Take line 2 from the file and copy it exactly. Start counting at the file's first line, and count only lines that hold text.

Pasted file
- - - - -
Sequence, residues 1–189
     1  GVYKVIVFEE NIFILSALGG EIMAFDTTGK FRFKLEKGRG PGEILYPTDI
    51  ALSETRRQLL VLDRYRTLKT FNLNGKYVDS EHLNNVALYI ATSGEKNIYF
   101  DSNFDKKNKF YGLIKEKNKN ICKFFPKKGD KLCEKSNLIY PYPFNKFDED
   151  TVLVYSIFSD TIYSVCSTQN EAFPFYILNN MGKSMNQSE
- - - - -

     1  GVYKVIVFEE NIFILSALGG EIMAFDTTGK FRFKLEKGRG PGEILYPTDI